“It’s a fantasy to think pro bono could fill the legal aid gap:” Lawyer 2B meets DLA’s head of international pro bono

We met up with Nicolas Patrick, head of international pro bono at DLA Piper, to talk to him about he managed to wangle a job doing solely pro bono at a large corporate law firm

How did you become interested in pro bono work?

I started off at Phillips Fox, which is now part of DLA Piper, in its Sydney office.

I worked in the insurance team and in commercial litigation but had never wanted to practise at a corporate firm. I wanted to do legal aid work and saw myself working in law centre. I studied law because I wanted to help people.

I started as a volunteer at a legal centre when I was still at university and worked there right through university and through my first years at the firm. By the time I was a second-year lawyer I was also sitting on the board at this large community law centre. In that capacity I was able to see what other firms were doing as pro bono and I could see we weren’t doing enough and began to set up the pro bono practice. 

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“If law firms want to keep lawyers who are interested in pro bono they have to support them.”

How did you become head of pro bono?

I set up the practice for Sydney first and then for the whole of Australia. After a couple of years juggling both I got 50 per cent budget relief, so I only had to make half the amount of money I was previously making. After a year doing 50/50, the firm asked if I would do it full time because at that time the Australian pro bono practice was notionally worth about $8m a year.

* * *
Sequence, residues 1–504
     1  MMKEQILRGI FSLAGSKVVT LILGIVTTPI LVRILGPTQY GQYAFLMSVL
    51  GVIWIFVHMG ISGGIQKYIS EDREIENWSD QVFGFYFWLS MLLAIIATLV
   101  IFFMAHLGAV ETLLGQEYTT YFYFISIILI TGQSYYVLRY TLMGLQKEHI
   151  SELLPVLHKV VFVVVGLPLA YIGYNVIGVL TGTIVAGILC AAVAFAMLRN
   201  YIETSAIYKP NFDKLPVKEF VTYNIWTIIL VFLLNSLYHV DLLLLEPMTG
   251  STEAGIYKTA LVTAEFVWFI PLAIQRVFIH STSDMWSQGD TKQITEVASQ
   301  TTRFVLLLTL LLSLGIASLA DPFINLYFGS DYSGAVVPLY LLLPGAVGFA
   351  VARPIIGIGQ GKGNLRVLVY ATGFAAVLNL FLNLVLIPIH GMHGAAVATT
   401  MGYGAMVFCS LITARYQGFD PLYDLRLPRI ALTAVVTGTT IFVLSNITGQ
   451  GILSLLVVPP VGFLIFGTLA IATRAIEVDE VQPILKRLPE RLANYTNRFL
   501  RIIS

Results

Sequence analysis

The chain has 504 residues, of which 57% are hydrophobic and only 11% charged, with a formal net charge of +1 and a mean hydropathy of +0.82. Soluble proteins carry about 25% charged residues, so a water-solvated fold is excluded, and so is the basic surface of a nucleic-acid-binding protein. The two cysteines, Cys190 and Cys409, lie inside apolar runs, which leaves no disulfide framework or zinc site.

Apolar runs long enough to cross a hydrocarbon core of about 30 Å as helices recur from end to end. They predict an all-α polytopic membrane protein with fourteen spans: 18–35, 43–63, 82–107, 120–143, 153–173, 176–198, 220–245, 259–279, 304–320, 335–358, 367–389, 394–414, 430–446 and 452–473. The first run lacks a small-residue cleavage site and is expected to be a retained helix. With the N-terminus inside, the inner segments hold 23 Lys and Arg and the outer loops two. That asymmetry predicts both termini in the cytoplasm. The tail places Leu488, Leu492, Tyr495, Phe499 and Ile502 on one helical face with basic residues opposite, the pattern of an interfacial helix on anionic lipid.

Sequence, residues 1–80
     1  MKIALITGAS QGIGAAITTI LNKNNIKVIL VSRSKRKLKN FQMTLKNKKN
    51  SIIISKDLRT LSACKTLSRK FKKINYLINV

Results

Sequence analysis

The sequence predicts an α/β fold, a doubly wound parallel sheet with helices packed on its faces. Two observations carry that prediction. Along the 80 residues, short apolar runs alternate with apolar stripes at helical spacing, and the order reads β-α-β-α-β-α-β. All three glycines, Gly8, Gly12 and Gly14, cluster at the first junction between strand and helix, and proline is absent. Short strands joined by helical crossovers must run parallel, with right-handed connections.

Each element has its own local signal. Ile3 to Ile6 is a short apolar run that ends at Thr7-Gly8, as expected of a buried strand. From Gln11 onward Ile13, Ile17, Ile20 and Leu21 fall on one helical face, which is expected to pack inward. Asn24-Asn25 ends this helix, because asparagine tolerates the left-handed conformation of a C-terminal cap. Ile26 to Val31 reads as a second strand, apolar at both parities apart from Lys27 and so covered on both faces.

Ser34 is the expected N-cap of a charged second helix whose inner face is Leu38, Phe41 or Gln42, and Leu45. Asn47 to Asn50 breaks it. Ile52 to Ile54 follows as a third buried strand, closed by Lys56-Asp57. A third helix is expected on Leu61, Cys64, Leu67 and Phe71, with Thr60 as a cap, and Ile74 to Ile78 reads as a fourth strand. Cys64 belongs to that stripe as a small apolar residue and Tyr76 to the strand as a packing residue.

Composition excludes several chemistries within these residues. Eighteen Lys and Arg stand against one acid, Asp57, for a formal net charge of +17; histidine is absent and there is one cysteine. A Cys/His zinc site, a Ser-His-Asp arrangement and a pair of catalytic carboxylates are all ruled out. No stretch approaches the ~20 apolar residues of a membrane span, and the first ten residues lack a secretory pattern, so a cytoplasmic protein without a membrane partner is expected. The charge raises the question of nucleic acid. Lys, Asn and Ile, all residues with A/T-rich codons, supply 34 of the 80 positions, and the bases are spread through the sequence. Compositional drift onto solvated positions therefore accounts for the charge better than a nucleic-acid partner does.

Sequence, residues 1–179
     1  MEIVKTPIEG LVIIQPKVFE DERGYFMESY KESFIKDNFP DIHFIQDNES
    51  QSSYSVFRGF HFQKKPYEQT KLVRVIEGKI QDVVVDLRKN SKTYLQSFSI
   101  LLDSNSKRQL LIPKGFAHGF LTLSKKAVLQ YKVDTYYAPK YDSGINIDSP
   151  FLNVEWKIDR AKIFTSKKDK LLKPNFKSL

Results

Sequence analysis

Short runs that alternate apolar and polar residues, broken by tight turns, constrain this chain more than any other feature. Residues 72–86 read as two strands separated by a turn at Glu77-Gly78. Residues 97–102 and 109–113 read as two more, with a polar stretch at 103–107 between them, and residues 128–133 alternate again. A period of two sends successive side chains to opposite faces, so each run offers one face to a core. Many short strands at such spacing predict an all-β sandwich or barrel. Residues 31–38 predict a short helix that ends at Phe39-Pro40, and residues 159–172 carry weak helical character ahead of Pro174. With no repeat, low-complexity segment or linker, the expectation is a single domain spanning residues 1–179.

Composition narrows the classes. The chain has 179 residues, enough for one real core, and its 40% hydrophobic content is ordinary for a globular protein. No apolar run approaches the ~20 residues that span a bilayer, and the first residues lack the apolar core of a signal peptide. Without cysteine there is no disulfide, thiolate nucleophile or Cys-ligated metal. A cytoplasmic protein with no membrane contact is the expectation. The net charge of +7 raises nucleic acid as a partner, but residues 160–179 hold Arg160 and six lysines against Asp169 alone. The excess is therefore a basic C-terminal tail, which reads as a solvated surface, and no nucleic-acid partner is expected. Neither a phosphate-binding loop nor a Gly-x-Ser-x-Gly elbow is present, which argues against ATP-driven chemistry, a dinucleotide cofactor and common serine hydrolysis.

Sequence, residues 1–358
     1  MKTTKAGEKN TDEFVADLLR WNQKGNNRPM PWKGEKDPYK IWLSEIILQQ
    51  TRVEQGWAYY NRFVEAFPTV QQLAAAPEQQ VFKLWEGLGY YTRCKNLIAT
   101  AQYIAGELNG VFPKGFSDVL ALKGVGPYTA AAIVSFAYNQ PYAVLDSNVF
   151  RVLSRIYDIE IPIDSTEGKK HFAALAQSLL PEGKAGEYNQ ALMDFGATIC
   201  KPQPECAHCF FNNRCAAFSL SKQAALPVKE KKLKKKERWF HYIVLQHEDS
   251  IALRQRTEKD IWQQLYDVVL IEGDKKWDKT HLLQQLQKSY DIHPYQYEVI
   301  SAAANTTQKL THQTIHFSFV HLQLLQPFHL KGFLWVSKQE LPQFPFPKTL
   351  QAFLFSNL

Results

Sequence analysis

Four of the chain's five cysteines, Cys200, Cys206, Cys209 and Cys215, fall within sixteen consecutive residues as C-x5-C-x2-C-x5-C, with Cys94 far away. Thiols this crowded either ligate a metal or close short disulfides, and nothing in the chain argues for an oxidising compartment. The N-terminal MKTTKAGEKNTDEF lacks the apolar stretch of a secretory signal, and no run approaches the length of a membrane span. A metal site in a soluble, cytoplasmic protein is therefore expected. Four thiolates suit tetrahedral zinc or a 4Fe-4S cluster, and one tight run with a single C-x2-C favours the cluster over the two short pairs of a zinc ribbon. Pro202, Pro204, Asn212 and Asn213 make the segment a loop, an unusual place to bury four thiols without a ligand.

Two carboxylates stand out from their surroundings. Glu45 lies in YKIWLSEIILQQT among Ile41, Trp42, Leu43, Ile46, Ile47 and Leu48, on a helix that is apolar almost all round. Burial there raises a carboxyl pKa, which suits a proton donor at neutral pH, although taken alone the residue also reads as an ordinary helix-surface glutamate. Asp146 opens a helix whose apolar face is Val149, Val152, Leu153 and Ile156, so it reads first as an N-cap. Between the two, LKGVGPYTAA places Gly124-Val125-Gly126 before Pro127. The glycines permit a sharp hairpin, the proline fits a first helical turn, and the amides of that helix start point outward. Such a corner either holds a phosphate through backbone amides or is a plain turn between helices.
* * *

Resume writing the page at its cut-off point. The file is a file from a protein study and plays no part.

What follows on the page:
A couple of years later I was made a partner. At that point I had only pro bono work, and it was on the strength of that that I was made up.

How are legal aid cuts affecting pro bono practices?

One of the aspects of the conversation around pro bono that gets quite warped is about what pro bono work gets done. It is very important for people to understand that more than 80 per cent of pro bono work done by City firms is for charities or organisations in developing countries. There is very little end-to-end casework being done for individuals.

It is a fantasy to think pro bono could fill the legal aid gap. There is a complete mismatch in terms of skills and geography. We want to make sure that the most vulnerable people aren’t left without help and we also want to make sure that we are catching data about people so that we can campaign to bring legal aid back for certain areas and make sure that there is an accurate picture of the situation.

It happened in Australia: in demonstrating the need for homeless people to have legal aid we have brought funding back for that group.

How do you think pro bono will develop in the coming years?

As pro bono got to a size and scale when it required full time management, firms in US and Australia started to have partners managing it full-time. In the UK, it is just beginning to get to that stage. It is so crucial that law students know that these jobs exist.

If law firms want to keep lawyers who are interested in pro bono they have to support them. It is no different to any other area. The risk if you are not providing a career path for pro bono lawyers is that they get poached by another firm and walk away with your pro bono clients.

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